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Currentfilm.com Review:

"Oliver and Company" is a somewhat interesting case in recent Disney history. The film did well in theaters when it was released in 1988, raking in $73M. It was also one of the first major animated features to integrate computer work into the animation. Yet, 20 years after the film's release, the underrated "Oliver and Company" doesn't seem like one of the more talked-about of Disney's efforts from the time period. The film was the start of the Disney era that included films like "Lion King" and "Little Mermaid".

The film is an update on "Oliver Twist", with this feature, in traditional Disney fashion, turning Oliver into a cute kitten (voiced by Joey Lawrence). Adopted by a gang of dogs lead by Dodger (voiced by Billy Joel), the kitten learns how to survive on the streets. When he's taken in one day by a young girl named Jenny, he thinks he's found his place in the world. Yet, the dogs are out in the world, figuring how to break their new friend out.

While this may not be Disney's finest work, I still find it quite entertaining. The story is simple and the characters way too familiar, but there's an energy that keeps the film kicking along. The solid voice work by Cheech Marin, Lawrence, Joel and Bette Middler also helps considerably, as everyone offers energetic and well-timed performances. While the characters are a bit cliched, performers like Marin and Middler fill out their characters well and the script gives them more than a few memorable moments to shine.

As for the animation, it's reasonably good for the era. While it was likely remarkable for the time, looking back now, it seems inconsistent, with some exceptional scenes of the city streets and some sequences that look a bit more primitive in comparison. Some of the youngest members of the audience may also find some of the more intense scenes a bit scary, especially towards the ending. While "Oliver and Company" may never be remebered as fondly as many of Disney's other efforts, it's a cute and energetic film that definitely has its moments and some catchy tunes, such as "Why Should I Worry?".


VIDEO: Disney presents "Oliver and Company" in 1.66:1 anamorphic widescreen. While most of the film looked fairly crisp and well-defined, there were a fair amount of instances where I noticed a bit of softness. The softness wasn't as much a concern as the grain, which was seen in moderate amounts during much of the film. The print was not entirely without wear, either, as a few specks, marks and the occasional scratch were noticed. On a positive note, no pixelation or edge enhancement was seen.

Colors looked fine, if not expectional. The film's color palette could occasionally look bright and vivid, but - understandably, given some of the settings - a little more subdued at times. This is certainly a respectable presentation, but I was expecting image quality that was somewhat smoother.

SOUND: "Oliver and Company" is presented by Disney in Dolby Digital 5.1. I'm guessing that this is the same soundtrack as the one that was presented theatrically when this film was re-released into theaters about five years ago. It's a pleasant enough affair, with some light surround use and enjoyable sound quality. The rear speakers are mainly used for the score and the occasional sound effects, such as during the storm early on. Audio quality was fine, if not too remarkable: everything's clear, but not particularly dynamic. Songs and dialogue are generally clear, although the songs seem a bit better recorded than the dialogue, as tunes like "Why Should I Worry?" sound crisp and rich, while dialogue can occasionally sound the slightest bit rough.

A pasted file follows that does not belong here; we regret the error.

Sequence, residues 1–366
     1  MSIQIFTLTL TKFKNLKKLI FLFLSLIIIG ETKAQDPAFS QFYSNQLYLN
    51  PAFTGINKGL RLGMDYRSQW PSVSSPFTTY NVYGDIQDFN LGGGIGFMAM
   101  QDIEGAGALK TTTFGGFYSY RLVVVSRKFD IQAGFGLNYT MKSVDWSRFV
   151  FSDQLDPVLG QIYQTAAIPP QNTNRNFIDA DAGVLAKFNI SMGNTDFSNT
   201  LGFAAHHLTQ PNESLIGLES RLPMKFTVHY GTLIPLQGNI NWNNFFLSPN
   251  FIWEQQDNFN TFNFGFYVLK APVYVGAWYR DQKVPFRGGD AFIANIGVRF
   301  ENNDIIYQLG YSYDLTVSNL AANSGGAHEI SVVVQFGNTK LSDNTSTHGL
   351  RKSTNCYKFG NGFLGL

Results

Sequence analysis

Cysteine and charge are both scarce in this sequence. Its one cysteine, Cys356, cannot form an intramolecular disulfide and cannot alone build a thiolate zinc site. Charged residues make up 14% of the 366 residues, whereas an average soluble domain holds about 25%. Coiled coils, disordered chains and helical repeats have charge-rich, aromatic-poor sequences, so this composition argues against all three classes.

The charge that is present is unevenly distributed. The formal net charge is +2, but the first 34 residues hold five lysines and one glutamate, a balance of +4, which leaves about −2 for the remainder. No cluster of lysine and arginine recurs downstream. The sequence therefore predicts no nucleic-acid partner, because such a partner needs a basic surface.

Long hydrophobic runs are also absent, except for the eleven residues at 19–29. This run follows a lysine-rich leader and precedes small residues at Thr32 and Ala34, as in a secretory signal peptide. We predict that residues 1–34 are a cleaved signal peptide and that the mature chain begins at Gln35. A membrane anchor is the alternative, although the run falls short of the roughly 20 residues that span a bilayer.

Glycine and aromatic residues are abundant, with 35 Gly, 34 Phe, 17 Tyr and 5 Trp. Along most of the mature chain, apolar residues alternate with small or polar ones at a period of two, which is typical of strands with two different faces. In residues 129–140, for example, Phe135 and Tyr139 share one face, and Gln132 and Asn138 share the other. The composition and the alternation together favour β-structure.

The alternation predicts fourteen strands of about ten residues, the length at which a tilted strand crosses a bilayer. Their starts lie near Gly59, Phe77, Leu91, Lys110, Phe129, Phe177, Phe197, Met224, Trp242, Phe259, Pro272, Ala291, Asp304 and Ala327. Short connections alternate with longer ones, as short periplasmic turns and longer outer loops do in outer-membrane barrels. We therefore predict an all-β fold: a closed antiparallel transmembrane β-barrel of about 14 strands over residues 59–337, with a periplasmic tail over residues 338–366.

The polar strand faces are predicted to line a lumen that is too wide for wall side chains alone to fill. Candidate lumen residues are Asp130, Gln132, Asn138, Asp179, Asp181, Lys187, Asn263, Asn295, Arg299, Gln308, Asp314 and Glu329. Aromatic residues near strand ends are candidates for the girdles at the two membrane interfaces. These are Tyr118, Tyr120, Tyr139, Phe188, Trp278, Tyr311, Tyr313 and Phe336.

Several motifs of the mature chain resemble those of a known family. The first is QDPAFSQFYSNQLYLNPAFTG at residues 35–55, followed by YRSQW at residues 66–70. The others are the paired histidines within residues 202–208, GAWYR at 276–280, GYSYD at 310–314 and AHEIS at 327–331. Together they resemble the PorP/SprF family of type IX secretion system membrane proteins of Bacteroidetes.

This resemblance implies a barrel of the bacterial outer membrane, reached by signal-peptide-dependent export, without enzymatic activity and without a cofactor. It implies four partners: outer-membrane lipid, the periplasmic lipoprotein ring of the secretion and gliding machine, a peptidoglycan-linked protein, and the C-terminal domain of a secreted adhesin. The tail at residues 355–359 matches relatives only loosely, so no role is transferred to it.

EXTRAS: The new addition this time around is "Oliver's Big City Challenge", an interactive game. The remaining features have been carried over from the prior release:

Making-Of: This is a 5 1/2 minute featurette that provides interviews with the animation staff as well as some of the actors who provided voices. It's not a particularly in-depth featurette, but there are a few details offered about the computer animation that was used in the film, which was certainly new at the time.

Disney's Animated Animals: A 1 1/2 minute featurette that's more a trailer for the re-release of the film than anything else.

Sing-Along: "Why Should I Worry?" and "Streets of Gold" sing-alongs.

Publicity Materials: The film's original TV spot and theatrical trailer, as well as a re-release trailer and short re-release promotional featurette.

Scrapbook: This is a 14-page section that provides concept art, character design and other early material.

Also: Fun film facts text and 2 shorts: "Puss Cafe" and "Lend A Paw".

Sneak Peeks: Sneek peek trailers for a wide variety of upcoming titles from the studio are included, such as Pixar's "Up", "Beverly Hills Chihuahua", "Space Buddies", "Tinkerbell and the Lost Treasure" and "Bolt".

Final Thoughts: A jazzy, entertaining animated film from Disney, "Oliver and Company" still remains an underrated, charming film 20 years later. The 20th Anniversary Edition is largely unchanged from the prior release (with the exception of the new interactive game), so while this isn't recommended as an upgrade for owners of the prior edition, it is recommended for those seeking out their first purchase of the film.

Film Grade
The Film B+
DVD Grades
Video 85/B
Audio: 85/B
Extras: 75/C

DVD Information

Oliver and Company: 20th Anniversary Edition
Disney Home Entertainment
Dolby Digital 5.1 (English/French/Spanish)
74 minutes
Subtitles: English
Rated G
Dual Layer:Yes
Available At Amazon.com: Oliver and Company: 20th Anniversary Edition